The clinical significance of isolated tumor cells (ITC) circulating in the blood of patients with colorectal cancer is unclear. In this study, we investigated the relationship between the presence of ITC that express carcinoembryonic antigen (CEA) and/or cytokeratin 20 (CK20) transcripts in the blood and the clinicopathological findings and prognosis using the quantitative real-time reverse transcription-polymerase chain reaction (RT-PCR) assay. We studied peripheral blood and tumor drainage blood from 167 patients with colorectal cancer. Quantitative real-time RT-PCR assay was able to detect one tumor cell in 3×106 peripheral blood mononuclear cells. Applying a cut-off value, CEA and/or CK20 (CEA/CK20) were detected in 10.2% (17/167) of the patients' preoperative peripheral blood samples and 34.1% (57/167) of the patients' tumor drainage blood samples. In the relationship between the CEA/CK20 of the blood and the clinicopathological factors, a significant correlation was demonstrated between the positivity of marker genes and the depth of invasion, venous invasion, lymph node metastasis, liver metastasis or stage. The disease-free and overall survival of patients with CEA/CK20-positive peripheral or tumor drainage blood was significantly shorter than that of marker gene-negative patients. CEA/CK20 transcripts in tumor drainage blood were independent factors for prognosis in disease-free survival and overall survival. These results suggest that detecting CEA/CK20 mRNA in tumor drainage blood by real-time RT-PCR has prognostic value in patients with colorectal cancer. Large scale and longterm clinical studies are needed to confirm the prognostic value of genetically detecting ITC in the peripheral blood.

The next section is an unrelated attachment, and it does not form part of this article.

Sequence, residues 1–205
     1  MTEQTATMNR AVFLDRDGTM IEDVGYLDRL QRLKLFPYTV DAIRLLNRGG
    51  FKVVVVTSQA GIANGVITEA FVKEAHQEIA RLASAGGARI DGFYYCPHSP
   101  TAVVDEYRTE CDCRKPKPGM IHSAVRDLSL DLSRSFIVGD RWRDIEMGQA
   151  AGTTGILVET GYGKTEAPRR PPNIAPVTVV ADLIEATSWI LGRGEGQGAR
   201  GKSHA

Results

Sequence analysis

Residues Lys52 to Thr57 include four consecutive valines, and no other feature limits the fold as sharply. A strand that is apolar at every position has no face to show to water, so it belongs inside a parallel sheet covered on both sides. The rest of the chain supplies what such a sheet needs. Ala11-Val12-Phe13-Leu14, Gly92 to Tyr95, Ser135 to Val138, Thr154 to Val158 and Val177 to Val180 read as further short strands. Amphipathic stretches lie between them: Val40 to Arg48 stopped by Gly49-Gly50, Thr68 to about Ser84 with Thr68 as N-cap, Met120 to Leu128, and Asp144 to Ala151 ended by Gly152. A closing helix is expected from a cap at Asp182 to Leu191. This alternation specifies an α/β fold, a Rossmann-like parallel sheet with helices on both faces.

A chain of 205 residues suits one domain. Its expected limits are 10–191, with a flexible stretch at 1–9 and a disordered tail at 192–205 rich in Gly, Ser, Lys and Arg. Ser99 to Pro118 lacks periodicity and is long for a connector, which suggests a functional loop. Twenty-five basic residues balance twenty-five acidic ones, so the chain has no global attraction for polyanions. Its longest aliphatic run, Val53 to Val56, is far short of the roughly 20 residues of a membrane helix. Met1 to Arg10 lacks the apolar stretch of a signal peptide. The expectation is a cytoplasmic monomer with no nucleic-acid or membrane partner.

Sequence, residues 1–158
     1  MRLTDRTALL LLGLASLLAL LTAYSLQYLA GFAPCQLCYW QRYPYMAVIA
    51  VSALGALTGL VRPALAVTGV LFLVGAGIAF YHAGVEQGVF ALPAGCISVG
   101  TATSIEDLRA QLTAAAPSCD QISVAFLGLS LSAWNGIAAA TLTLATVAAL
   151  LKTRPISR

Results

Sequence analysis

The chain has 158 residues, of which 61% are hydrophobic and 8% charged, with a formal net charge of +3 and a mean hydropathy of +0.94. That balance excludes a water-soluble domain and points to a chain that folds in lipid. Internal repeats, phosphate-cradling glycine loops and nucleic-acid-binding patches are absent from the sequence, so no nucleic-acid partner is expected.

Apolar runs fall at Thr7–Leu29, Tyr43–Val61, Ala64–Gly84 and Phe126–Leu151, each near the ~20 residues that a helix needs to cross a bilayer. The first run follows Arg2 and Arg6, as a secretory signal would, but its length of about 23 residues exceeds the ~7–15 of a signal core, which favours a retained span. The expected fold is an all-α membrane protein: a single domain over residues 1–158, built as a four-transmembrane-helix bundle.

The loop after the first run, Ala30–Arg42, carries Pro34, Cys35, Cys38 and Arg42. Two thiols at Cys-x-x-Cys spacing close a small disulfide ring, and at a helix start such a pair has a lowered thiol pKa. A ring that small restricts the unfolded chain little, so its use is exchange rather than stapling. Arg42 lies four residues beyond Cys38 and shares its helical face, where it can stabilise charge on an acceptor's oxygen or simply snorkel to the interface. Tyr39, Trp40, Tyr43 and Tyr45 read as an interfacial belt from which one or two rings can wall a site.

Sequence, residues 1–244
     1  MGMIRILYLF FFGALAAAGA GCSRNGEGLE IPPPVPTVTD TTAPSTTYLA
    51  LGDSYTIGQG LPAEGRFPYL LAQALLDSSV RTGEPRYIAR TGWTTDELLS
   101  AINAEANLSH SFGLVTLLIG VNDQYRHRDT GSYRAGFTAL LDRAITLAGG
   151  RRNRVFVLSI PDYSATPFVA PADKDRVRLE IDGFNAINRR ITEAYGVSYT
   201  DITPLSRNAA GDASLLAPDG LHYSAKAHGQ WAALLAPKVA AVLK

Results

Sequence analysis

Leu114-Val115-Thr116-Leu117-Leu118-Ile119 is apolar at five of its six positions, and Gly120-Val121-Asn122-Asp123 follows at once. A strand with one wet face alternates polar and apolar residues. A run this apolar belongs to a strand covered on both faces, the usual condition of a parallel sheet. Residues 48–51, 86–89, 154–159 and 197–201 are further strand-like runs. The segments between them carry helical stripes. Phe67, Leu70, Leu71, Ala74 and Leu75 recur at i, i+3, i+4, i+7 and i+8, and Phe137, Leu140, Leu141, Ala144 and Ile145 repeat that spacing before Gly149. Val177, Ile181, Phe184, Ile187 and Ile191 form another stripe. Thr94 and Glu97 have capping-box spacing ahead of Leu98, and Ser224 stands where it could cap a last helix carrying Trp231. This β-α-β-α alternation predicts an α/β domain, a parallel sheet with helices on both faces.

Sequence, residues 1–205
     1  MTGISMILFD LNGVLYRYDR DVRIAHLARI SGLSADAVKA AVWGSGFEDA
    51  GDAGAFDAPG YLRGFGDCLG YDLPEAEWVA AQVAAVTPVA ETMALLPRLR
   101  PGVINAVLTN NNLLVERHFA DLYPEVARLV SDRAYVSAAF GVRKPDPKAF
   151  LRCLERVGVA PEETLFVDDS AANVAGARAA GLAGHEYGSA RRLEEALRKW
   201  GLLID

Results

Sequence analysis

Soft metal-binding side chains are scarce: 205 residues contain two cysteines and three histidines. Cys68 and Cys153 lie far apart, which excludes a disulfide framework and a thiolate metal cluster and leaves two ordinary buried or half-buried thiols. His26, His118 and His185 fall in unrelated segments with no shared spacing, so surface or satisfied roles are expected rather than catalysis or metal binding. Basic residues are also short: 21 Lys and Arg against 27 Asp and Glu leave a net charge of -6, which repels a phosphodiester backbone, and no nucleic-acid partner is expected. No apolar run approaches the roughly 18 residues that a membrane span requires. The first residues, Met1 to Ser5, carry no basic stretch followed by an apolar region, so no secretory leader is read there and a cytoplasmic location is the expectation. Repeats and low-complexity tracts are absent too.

All Science Journal Classification (ASJC) codes
- Cancer Research